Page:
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Medium roasted coffee with notes of Wine fruit, toffee, and chocolate


Country:: Costa Rico

Region:: Tarrazú

Variety:: Caturra

Processing Method:: Natural



Costa Rican Varietal and Region Information



One way that Costa Rica has worked to differentiate itself among coffee-growing nations is through the diversity of profiles in its growing regions, despite the country’s relatively small geographical size.


Tarrazú might be the most famous of the regions: Its high altitudes contribute to its coffees’ crisp acidity. West Valley has a high percentage of Cup of Excellence winners, and grows an abundance of both the Costa Rica–specific varieties Villa Sarchi and Villa Lobos, as well as some of the more “experimental” varieties that have come here, such as SL-28 and Gesha.

Tres Ríos coffee has a smooth, milder profile—perhaps more “easy drinking” with toffee sweetness and soft citrus than the more complex or dynamic Costas available. Central



What makes a microlot? Dedication to the craft of coffee, exceptional quality in the cup, and a lot of hard work. The microlots are sourced to be the absolute best-in-show coffees, knock-outs that come in limited quantities but make a huge impact.


Microlot Coffee Offerings are sourced from innovative producers in innovative ways, from super high-end limited-edition Aces lots to cupping competitions and auction lots, to variety-specific separations and those coffees that are traceable down to an individual producer. Farmers are paid quality premiums for any microlot coffee, which reflects the extra planning, effort, labor, and attention to detail required to produce them, as well as rewarding the ultimate job well done.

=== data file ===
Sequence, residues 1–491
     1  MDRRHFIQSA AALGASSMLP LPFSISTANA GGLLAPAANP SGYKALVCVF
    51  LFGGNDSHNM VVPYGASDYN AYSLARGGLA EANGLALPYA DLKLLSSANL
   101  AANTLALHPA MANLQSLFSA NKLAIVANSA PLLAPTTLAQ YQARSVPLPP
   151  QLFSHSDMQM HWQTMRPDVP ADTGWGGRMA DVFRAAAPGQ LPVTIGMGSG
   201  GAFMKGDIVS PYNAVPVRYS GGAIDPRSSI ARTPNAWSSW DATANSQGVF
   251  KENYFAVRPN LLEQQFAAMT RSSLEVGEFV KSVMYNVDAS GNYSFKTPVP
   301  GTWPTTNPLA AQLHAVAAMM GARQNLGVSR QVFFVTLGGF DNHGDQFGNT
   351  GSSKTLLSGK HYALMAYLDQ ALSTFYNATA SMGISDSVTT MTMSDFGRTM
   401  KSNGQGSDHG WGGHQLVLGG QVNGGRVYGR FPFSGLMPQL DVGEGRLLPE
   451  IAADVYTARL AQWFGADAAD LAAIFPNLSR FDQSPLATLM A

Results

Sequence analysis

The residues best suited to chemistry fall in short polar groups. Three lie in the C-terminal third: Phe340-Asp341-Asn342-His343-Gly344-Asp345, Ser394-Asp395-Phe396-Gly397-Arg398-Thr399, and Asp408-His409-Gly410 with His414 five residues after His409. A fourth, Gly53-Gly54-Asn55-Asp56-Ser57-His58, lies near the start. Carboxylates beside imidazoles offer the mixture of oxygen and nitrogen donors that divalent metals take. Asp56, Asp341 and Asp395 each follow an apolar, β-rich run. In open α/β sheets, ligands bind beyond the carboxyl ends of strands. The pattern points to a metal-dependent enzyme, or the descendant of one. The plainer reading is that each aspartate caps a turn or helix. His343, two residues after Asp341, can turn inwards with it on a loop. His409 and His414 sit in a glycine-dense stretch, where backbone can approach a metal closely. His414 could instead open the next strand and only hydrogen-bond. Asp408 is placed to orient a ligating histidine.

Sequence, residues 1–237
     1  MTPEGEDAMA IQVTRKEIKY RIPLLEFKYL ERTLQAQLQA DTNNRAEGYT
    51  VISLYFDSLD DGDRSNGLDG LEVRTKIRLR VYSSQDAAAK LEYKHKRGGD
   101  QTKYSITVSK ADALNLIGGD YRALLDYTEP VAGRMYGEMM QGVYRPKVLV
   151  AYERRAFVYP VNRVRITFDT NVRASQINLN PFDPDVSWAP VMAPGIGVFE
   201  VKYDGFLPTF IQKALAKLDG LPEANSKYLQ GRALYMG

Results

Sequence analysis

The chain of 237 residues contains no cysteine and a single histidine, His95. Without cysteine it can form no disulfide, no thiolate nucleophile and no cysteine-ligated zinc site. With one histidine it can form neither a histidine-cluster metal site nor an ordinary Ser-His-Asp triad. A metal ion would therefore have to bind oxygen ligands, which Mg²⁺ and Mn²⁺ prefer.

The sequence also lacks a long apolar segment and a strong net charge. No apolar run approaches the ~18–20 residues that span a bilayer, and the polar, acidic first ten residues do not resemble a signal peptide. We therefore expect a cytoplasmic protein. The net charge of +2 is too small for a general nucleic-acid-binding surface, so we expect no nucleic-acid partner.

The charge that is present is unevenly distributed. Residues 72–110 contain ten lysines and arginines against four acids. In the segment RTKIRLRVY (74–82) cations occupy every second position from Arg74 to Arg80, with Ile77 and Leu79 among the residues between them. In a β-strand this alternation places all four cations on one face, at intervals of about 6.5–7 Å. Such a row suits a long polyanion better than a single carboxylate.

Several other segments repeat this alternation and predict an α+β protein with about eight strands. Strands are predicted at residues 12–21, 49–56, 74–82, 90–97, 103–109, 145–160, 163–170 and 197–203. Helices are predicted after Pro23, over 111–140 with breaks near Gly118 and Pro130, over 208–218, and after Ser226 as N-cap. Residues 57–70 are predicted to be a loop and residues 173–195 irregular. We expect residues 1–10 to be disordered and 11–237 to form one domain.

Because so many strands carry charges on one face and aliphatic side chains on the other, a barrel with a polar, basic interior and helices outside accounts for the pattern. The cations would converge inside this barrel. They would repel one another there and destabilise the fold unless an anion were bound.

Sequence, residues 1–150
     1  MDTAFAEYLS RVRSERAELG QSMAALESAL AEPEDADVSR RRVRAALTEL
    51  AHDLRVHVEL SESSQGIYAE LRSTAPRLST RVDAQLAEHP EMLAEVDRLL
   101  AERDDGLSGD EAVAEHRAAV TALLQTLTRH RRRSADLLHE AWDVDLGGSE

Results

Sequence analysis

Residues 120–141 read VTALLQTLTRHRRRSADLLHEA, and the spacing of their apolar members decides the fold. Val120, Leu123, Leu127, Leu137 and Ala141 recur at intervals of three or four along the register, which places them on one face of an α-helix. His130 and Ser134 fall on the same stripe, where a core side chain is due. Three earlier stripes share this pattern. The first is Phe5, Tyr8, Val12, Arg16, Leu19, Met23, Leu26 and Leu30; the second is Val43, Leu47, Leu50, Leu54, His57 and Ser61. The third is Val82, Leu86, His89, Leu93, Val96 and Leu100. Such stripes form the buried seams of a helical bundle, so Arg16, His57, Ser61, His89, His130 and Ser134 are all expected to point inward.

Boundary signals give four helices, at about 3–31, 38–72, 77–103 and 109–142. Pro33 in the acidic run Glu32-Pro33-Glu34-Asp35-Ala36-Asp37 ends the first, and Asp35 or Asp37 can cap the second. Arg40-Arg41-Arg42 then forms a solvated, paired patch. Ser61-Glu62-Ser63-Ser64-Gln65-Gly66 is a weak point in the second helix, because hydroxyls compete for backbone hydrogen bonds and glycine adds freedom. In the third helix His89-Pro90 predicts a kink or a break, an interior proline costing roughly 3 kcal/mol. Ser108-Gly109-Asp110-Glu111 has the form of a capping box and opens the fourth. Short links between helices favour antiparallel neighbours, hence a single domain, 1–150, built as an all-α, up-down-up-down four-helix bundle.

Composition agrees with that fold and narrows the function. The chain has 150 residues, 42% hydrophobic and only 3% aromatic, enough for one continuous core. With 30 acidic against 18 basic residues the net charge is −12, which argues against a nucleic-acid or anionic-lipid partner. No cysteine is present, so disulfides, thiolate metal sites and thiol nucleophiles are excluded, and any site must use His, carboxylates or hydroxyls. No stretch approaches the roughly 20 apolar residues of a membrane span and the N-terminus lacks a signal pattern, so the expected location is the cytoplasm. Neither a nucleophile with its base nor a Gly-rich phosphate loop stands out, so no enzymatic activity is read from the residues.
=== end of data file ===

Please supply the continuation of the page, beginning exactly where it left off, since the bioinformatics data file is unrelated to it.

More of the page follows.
Natural Processing (Dry Processed)

Fruit Removal:: after drying

Fermentation:: Occurs inside the fruit mucilage surrounding the seed and under the pulp, will take place as long as there is fuel available to the microorganisms (e.g. sugar, moisture, acids, etc); the seeds typically become inhospitable to microorganisms when they reach 11% moisture.

Drying Time:: approximately 30 days (depending on weather)

Profile:: Noticeably fruity or “pulpy” flavors, often described as “boozy” or “winey”; can also have strong nutty and/or chocolate characteristics, and typically has a heavier or syrupy body


     While Washed coffees have their fruit removed relatively quickly after harvesting, Natural or “Dry” process coffees are something like the opposite. The fruit is picked when ripe and allowed to dry completely around the seed before being husked or hulled off. Natural process coffees are most commonly found in Ethiopia, Yemen, Brazil, and Costa Rica, though producers around the world are also experimenting with this methodology.

      As with all coffee preparation, there is fermentation occurring during the processing, from the moment the coffee is picked (or possibly earlier, whenever an access point is created in the fruit). Local or intentional populations of yeast and bacteria will enter the fruit at the access point and begin to metabolize the sugars and acids inside the coffee fruit immediately, a process that can continue until the coffee is dried to the standard of 11% moisture.

     While the coffee itself is not held in “fermentation tanks,” its fermentation process can be altered by things like ambient temperature and exposure to full sun or shade; depth on the drying bed; rotation of the coffee during drying, etc.




Derivation:: Bourbon related

Location of Origin:: Brazil

Origin Story:: Naturally occurring dwarf Bourbon mutation discovered in Minas Gerais, Brazil (1915–1918) and later selected for cultivation (1937)

(Café Imports)


Roast 50 - Talamanca Medium

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